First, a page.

This latter point is important because Hallahan was a rather unlikely founder of an English religious congregation. Born in London in 1803, her parents were working-class Irish who struggled financially and were not likely to fit the ‘respectable’ model that Drane outlined.22 She was educated briefly at Somers Town Catholic orphanage until aged eleven, when, both parents having died, she entered domestic service. Aged thirty-eight, she became a servant in the household of the Benedictine William Bernard Ullathorne (1806–1889), the future Bishop of Birmingham. He encouraged her interest in religious life. She gathered around her a group of like-minded women and opened Catholic day schools for children, night schools for factory girls, and began caring for the chronically ill. In 1845, with Ullathorne’s support, she founded the Dominicans of St Catherine of Siena, a religious congregation of women who took simple vows of poverty, chastity, and obedience and performed charitable works, primarily teaching and nursing, outside the cloister.23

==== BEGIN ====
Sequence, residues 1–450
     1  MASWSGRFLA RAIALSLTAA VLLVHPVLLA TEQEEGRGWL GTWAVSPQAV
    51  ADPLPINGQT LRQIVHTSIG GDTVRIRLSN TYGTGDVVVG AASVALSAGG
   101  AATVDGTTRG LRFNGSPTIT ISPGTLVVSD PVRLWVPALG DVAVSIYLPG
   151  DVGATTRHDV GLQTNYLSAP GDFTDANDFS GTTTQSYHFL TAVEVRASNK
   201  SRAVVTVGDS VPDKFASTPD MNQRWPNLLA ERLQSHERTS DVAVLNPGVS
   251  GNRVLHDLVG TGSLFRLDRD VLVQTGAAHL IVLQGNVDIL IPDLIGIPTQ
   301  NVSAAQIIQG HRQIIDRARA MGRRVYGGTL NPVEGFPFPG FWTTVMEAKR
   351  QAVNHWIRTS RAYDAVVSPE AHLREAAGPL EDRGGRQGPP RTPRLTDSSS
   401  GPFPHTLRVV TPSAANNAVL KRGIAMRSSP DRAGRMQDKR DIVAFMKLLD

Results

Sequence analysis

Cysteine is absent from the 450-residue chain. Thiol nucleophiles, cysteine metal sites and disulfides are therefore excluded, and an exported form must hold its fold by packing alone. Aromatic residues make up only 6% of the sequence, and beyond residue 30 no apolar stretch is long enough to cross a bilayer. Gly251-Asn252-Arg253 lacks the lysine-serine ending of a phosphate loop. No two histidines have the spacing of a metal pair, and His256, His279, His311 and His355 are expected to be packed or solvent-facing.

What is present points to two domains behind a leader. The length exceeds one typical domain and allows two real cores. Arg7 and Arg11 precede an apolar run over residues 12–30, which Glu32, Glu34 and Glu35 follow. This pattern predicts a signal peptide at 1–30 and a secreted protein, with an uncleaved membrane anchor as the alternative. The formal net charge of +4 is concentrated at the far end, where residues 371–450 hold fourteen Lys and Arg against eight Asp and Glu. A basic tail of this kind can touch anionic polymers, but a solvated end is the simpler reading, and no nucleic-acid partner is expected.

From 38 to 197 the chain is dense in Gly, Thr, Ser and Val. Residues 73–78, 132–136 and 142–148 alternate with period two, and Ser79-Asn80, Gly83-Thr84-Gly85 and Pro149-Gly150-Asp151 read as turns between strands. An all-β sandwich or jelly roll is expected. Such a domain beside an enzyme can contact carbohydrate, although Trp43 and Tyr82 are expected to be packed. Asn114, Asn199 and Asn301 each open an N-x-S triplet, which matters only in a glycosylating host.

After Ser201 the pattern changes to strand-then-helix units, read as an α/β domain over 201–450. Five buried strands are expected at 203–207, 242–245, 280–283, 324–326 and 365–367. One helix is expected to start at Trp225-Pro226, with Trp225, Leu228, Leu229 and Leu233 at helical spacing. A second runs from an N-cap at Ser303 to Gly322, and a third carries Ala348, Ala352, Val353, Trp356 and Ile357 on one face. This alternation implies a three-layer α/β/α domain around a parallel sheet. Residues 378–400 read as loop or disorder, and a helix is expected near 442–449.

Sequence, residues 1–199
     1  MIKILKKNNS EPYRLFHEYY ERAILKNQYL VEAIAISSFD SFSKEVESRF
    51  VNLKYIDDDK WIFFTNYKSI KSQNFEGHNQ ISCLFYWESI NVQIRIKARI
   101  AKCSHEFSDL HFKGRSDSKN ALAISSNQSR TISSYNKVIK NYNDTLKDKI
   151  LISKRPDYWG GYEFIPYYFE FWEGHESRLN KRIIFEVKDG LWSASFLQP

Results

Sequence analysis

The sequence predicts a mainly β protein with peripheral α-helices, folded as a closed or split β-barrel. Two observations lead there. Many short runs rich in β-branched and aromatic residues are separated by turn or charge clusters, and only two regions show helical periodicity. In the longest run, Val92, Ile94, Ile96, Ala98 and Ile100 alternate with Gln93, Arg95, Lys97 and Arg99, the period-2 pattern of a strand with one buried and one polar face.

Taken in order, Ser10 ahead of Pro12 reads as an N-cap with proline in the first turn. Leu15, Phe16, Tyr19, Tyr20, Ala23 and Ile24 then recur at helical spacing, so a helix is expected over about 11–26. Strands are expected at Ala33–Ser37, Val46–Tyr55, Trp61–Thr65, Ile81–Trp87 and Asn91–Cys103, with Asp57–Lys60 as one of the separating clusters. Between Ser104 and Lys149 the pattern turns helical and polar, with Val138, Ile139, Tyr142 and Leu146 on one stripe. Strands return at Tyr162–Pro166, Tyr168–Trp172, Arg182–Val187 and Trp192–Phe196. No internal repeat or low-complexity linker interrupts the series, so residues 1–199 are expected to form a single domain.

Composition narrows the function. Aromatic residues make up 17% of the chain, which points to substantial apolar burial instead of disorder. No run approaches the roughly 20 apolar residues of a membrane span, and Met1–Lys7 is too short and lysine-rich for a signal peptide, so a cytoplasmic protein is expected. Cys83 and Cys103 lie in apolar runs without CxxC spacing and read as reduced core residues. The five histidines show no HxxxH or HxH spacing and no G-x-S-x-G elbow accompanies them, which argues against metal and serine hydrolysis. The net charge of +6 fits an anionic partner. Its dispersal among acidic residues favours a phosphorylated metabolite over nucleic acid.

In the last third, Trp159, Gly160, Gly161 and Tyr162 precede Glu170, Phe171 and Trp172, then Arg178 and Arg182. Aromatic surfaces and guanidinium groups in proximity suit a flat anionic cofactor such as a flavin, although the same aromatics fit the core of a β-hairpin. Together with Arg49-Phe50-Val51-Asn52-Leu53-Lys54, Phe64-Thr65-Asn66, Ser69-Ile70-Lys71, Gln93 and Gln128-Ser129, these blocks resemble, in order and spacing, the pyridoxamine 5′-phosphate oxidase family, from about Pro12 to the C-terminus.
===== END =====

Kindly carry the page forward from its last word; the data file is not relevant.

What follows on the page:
Hallahan’s medical history began when aged seventeen. Apparently showing off her great strength, she lifted an iron stove and carried it to the top of the house. This, along with an accidental fall two years later, was said to be the cause of her lumbar abscesses (Drane, p.13). These were likely spinal tumours, abnormal cell growths which can be benign or cancerous.24 These tumours could squeeze and press on the spine causing pain in or near the spine. Such pain can travel, beginning in one spot and radiating throughout the body. Other symptoms include sensations of paraesthesia, which includes numbness, the feeling of pins and needles, and sensitivity to touch and temperature. Even clothing on the skin could cause agonizing pain. Her biographer made pointed reference to the lumbar abscesses and other painful conditions throughout the biography noting, for example, ‘excruciating pains in the head and spine’ and that ‘painful sores had opened on head, arms, sides and knees’ (Drane, pp. xi, 229). Towards the end of her life, Hallahan’s spinal pain left her unable to hold a book in her hands and she switched from reciting the longer and more complicated Divine Office to the shorter Little Office of Our Lady (p. 514). For Hallahan, who had pleaded with Bishop Ullathorne for permission for her congregation to recite the Divine Office rather than the Little Office of Our Lady, this must have been a devastating concession to her pain (pp. 141–42). The last six months of her life, documented in meticulous detail in the biography, tells the tale of unrelenting physical pain and agony.